MANILA, Philippines – Known for his strong personality, suspended Bureau of Corrections (BuCor) Director General Gerald Quitaleg Bantag rose through the ranks of the Bureau of Jail Management and Penology (BJMP) as a career official.
After graduating as part of the Kaagapay class of 1996 of the Philippine National Police Academy, Bantag served as warden of the city jails of Malabon, Navotas, Valenzuela, Manila, and Parañaque. He also served as the director of BJMP Mimaropa [Mindoro, Marinduque, Romblon, Palawan].
Later on, he jumped from jails to corrections after he was appointed by then-president Rodrigo Duterte as BuCor chief in 2019. His term was cut short three years later after he was implicated in a string of controversies in relation to his post as BuCor director general.
But, even at the BJMP, he faced various allegations of misconduct and abuse of authority.
Past controversies: Alleged crimes, building a wall
In August 2007, a complaint was filed against Bantag for the alleged attempted murder of a teenager in Caloocan City. He denied his involvement and said he was willing to submit his firearm for inspection.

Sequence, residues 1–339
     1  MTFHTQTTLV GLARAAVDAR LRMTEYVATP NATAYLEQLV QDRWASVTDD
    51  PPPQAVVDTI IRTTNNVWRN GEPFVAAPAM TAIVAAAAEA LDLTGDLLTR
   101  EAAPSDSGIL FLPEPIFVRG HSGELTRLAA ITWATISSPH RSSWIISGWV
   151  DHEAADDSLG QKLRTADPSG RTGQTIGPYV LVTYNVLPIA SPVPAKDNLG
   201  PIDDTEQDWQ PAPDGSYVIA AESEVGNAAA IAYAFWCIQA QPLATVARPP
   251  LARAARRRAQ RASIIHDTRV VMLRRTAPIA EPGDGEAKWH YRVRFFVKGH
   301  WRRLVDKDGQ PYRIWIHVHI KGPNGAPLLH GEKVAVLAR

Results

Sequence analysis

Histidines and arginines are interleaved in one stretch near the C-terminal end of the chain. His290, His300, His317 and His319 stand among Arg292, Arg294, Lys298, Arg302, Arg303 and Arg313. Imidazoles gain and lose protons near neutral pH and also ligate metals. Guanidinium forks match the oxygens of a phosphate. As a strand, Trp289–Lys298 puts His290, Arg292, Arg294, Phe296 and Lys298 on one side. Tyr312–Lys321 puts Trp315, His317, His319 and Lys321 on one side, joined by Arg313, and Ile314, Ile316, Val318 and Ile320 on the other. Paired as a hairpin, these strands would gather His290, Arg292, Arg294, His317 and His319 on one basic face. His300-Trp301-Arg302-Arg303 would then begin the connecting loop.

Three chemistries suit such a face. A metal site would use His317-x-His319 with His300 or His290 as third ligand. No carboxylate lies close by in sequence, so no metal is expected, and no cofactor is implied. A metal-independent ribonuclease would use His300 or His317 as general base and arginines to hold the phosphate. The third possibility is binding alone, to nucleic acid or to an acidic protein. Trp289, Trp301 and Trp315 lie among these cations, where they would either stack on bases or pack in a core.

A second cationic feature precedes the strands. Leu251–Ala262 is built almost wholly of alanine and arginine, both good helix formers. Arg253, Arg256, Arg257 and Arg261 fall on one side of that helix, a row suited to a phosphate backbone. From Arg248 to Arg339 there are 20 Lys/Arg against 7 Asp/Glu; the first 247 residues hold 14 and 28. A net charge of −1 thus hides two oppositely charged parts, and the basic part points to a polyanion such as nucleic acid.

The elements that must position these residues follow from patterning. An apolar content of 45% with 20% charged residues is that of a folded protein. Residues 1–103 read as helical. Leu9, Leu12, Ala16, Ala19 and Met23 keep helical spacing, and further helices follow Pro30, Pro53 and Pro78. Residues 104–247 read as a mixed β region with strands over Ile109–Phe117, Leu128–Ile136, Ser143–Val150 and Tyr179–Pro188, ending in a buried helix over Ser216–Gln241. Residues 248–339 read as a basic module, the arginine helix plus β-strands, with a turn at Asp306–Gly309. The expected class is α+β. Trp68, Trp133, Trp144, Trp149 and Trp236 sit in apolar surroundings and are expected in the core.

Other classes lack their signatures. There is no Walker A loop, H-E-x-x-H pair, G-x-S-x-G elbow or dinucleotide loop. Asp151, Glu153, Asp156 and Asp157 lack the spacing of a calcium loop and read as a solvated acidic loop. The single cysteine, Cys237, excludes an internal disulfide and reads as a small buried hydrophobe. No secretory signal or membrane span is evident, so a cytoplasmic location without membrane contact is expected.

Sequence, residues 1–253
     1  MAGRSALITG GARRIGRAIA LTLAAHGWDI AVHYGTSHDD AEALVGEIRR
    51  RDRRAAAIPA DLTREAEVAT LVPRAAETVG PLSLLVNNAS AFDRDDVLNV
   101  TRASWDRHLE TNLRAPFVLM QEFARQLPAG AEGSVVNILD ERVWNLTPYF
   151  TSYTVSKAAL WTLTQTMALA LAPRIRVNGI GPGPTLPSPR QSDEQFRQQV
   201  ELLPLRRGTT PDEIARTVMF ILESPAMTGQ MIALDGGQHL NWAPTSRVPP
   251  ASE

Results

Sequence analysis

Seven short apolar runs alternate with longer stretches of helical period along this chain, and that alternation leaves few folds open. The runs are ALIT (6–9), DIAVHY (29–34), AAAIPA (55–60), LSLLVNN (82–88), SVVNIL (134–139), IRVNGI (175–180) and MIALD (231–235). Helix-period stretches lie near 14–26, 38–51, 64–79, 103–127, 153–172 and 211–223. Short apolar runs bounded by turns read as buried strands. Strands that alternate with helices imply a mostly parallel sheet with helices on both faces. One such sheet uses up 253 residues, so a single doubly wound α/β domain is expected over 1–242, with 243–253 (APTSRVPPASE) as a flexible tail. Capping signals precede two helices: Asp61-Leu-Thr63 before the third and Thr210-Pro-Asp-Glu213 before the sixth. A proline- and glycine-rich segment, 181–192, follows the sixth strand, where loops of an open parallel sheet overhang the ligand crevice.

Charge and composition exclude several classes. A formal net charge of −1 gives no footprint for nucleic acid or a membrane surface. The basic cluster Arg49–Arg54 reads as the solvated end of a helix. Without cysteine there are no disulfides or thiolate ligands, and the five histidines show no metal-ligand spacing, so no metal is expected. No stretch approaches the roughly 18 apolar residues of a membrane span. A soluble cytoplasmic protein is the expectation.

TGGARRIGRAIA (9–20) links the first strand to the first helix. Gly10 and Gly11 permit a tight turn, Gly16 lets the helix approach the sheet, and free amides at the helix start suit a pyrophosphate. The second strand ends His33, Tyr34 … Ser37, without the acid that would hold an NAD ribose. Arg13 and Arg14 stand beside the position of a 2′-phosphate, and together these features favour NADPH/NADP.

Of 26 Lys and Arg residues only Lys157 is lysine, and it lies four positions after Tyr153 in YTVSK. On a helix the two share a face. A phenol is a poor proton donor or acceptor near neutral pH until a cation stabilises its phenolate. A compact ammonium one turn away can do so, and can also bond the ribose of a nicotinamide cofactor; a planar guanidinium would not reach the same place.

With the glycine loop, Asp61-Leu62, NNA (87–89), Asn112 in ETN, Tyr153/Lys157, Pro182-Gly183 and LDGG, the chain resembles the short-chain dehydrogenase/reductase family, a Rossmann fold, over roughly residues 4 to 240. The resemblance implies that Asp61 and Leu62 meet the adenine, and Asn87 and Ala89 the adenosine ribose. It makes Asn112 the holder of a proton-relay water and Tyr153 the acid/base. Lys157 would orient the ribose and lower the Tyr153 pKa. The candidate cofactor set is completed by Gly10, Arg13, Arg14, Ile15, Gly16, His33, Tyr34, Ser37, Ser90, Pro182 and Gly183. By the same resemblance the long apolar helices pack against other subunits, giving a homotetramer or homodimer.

Seven years later, in January 2014, Bantag was slapped with complaints of estafa and illegal discharge of his firearm. He was accused of not paying his bill in a restaurant and then of firing his gun at the place’s wall.
Under his watch as Parañaque City Jail warden in 2016, a grenade exploded in the facility, killing 10 persons deprived of liberty (PDL). Bantag was accused of being the mastermind. He was later acquitted, along with his “right hand” man, BuCor superintendent Ricardo Zulueta, for lack of evidence.
When he was moved to the Manila City Jail in October 2016, Bantag ordered the segregation of PDLs facing drug-related cases. However, the PDLs staged a noise barrage to oppose his decision. At least 35 PDLs were wounded during the incident.
In November 2021, he was declared persona non grata by Muntinlupa City for building a wall around the New Bilibid Prison and for evicting informal settlers in the area.
Percy Lapid and Jun Villamor’s death